STEWART: He's Kenyan, right?
Mr. REMNICK: Kenyan not Nigerian, but...
TIM: Kenyan, I'm sorry.
Mr. REMNICK: But everything you say is true and I think it's part of his appeal and it adds to his ability to pose himself as an embracing - as a figure both real and metaphorical who embraces the diversity of the American people. And, it also means that he is able to sit in a room and understand intimately what people are saying to him. Al Sharpton said you know - he said this to me in the piece - he said, Obama can understand a white Kansan, every bit is intimately and with the same nuance immediately as he can someone from Harvard, from the Harlem political structure and that's a unique talent.
I should also say though that you know, race is a very complex thing and the majority - I don't know what the numbers are, but a huge number of people that we consider African-American in this country have at one point or another had - whether Caucasian blood or Asian - in their genetic background. And these distinctions of course go back to the old slave distinction of one drop of black blood equals a black man. I mean, it has - these distinctions have their root in terrible racism which for the most part have have receded.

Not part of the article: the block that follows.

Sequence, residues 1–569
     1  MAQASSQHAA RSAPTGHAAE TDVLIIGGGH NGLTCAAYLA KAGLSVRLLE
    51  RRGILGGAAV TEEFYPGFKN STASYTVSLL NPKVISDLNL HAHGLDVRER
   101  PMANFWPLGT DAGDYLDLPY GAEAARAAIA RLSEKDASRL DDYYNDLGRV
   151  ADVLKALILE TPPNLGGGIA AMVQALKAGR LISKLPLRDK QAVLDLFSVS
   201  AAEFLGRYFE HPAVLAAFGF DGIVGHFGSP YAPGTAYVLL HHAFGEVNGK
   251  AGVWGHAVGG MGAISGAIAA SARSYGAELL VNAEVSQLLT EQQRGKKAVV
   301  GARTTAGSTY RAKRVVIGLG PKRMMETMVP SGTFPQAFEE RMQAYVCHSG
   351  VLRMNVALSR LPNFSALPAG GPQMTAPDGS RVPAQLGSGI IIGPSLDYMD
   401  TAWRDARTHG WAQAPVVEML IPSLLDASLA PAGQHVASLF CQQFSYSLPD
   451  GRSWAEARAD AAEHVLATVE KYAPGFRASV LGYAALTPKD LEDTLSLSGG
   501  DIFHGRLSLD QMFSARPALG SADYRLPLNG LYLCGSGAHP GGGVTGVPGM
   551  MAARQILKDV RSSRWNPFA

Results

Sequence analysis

STEWART: We've got a Email from someone who - Larry in Houston who doesn't really care for the fact that we're talking about race in terms of why Obama perhaps has appealed to so many. He says he won in spite of his race, his name, and the rumors. Ask your guest about the ideas he has talked about. Doesn't that count for something - change the ground up?
Mr. REMNICK: Of course, it counts for everything. There's no doubt also that Obama would not have emerged as a major candidate had enough in an anti-Iraq war candidate. One of the reasons he had a leg up early on against Hillary Clinton was that he was the most distinctly anti-war voice on the debating platform, at least among the major candidates. I'm not - of course his ideas are important. There are many ways to look at this campaign. I'm only suggesting - and please, I want to be very clear about it that race is only one element of it.
In fact, that's very much the point in earlier presidential campaigns when there was a black man or woman on the ticket. Race was very, very much in the forefront. It was very much in the forefront of what they had to say in those stump speeches. In fact, in Obama's stump speech, very, very rarely was race mentioned. But I would argue, and I think everybody in the Obama campaign realizes and says so that race had a certain kind of appeal for many voters.
STEWART: And, we're going to talk to one of those voters in just a moment. You're listening to Talk of the Nation from NPR News. We're speaking with David Remnick, editor of The New Yorker and I do want to go to Tom from Jacksonville, Florida. Now Tom, you voted for whom?
TOM (Caller): I voted for Barack Obama.
STEWART: And Tom, you're not a Democrat, are you?